Especially for Educators: “Using Back Matter to Inspire Lesson Plans” by Roxanne Troup

Maps! And trees! I’m a fan of both! Here’s an activity to use with MY GRANDPA, MY TREE, AND ME by Roxanne Troup—ready to go for busy educators!

Roxanne is offering a GIVEAWAY—a free 30-minute virtual visit! For a teacher, it can be a virtual author visit for a classroom. Or for a writer, a visit for self or critique group.  

Using Back Matter to Inspire Lesson Plans by Roxanne Troup

Thanks for hosting me, Beth!

I’m thrilled to share my new picture book, MY GRANDPA, MY TREE, AND ME, with your readers. Illustrated by Kendra Binney and published with Yeehoo Press, this book is a lyrical look at the life and harvest cycle of pecans as told through the relational lens of a grandfather and child.

Tree cover

Like many picture books, it is a great way to demonstrate language arts concepts to children. (It highlights things like lyrical language, refrains, and a compare and contrast structure.) It also introduces concepts about where our food comes from readily tying it to science curricula. But today, I want to use MY GRANDPA, MY TREE, AND ME as a model for how you can use picture books across the curriculum and show kiddos the interconnectedness between nearly every school subject.

Don’t Skip the Backmatter!

These days, most informational books for kids include backmatter that extends the story or explains the research that went into the book. But many readers skip these pages. As a teacher, please don’t do that. Even if you don’t read the backmatter aloud during your first read through with students, backmatter can be a wonderful springboard for other lessons and activities related to the book.

For example, the backmatter in my book includes a short history of pecans and defines unfamiliar words to help build student vocabulary.


It says that pecans are native to North America and live over 100 years! “Originally found growing along the Mississippi river valley, pecans were an important part of Native American diets…The commercial pecan industry wouldn’t exist if not for the ingenious idea of a man called Antoine.”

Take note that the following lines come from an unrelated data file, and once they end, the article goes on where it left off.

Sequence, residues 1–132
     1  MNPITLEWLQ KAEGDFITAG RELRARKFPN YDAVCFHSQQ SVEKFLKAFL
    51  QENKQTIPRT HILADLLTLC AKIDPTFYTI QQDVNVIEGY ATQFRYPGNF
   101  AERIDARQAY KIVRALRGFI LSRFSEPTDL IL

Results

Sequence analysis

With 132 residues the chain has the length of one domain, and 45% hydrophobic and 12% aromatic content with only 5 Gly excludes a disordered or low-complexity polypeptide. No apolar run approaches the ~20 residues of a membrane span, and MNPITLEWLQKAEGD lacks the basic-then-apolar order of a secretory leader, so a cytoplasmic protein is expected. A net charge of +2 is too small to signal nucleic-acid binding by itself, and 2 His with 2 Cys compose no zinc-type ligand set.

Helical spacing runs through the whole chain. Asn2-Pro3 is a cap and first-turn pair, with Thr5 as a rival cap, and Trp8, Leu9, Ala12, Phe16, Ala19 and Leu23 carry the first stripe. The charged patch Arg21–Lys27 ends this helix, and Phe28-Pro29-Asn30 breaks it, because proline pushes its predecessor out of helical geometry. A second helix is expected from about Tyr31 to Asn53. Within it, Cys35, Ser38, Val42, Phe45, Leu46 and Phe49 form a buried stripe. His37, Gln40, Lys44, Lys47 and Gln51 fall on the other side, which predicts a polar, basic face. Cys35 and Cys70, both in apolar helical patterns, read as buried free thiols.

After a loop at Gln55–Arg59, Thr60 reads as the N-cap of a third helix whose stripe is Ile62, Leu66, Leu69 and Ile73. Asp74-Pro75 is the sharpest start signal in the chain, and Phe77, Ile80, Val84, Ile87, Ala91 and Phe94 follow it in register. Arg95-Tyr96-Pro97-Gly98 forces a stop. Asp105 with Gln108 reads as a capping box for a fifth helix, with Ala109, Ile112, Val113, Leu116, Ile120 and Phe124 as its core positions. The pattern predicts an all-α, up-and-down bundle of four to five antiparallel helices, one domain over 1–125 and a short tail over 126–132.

What type of extension ideas does that little bit of text inspire? History? Science? How about geography?

And the best part? Many authors have already done the heavy lifting for you by creating free teacher guides and print-and-go activities connected to their books. (Here’s mine. Please take advantage of it!) One such activity in my teacher’s guide uses MY GRANDPA, MY TREE, AND ME to spur a geography lesson.

Teacher Guide cover - Yeehoo

On the Go Lesson: Map It Out

Prep: Print out a US map for each child that defines its various regions. (Here are a couple good ones from National Geographic. Use the one that best scaffolds your student’s abilities.)

Book Connection: The pecan tree is grown commercially throughout the southern United States and Mexico. But pecans are also grown in backyards as far north as Illinois! Pecans grow best in hot climates that get plenty of rain and have deep, well-drained soil.

Activity: After providing your students with a bit of background information about pecans, define the term region. Talk about how each region of the country shares common features. They may experience similar weather patterns, have common landforms or wildlife, or share a cultural history or economic status.

Introduce each geographic area of the United States with your students and direct them to color the southern states.

Using another map as a guide, label each state that grows pecans. (You could also use this project as an assessment for older student who already know this information.)

Finally, have your students mark where they live with a large star, then answer the following questions to synthesize the information they have learned and connect back to MY GRANDPA, MY TREE, AND ME:

  • Do you live in a pecan-producing state?
  • What makes your area good/not good for growing pecans?

You can find more “On the Go Lessons” for MY GRANDPA, MY TREE, AND ME in my teacher’s guide or at these links:

Sensory Language:



RoxanneTroup-author photo

Don’t forget to leave a comment below for a chance to win a virtual visit. (Winner announced 6/2/23.)


Roxanne Troup writes kids books that celebrate wonder and family. With a background in education, she also writes engaging nonfiction for all ages. Author of over a dozen books for kids, Roxanne loves visiting schools to water seeds of literacy and teach about writing. (And sometimes remembers to water the plants in her own garden.) You can learn more about her online

9 thoughts on “Especially for Educators: “Using Back Matter to Inspire Lesson Plans” by Roxanne Troup

  1. I love sharing the backmatter with students! For many, it makes the work more authentic. It also shows how reading helps us learn about the world around us.

    Liked by 1 person

  2. I live for back matter, LOL. AND believe it should be used extensively! You’ve shared some great ideas for extension. So true that authors are now creating all kinds of ways to use nonfiction or informational fiction in the classroom. I hope that teachers are taking advantage of the resources. Congrats, Roxanne!

    Liked by 1 person

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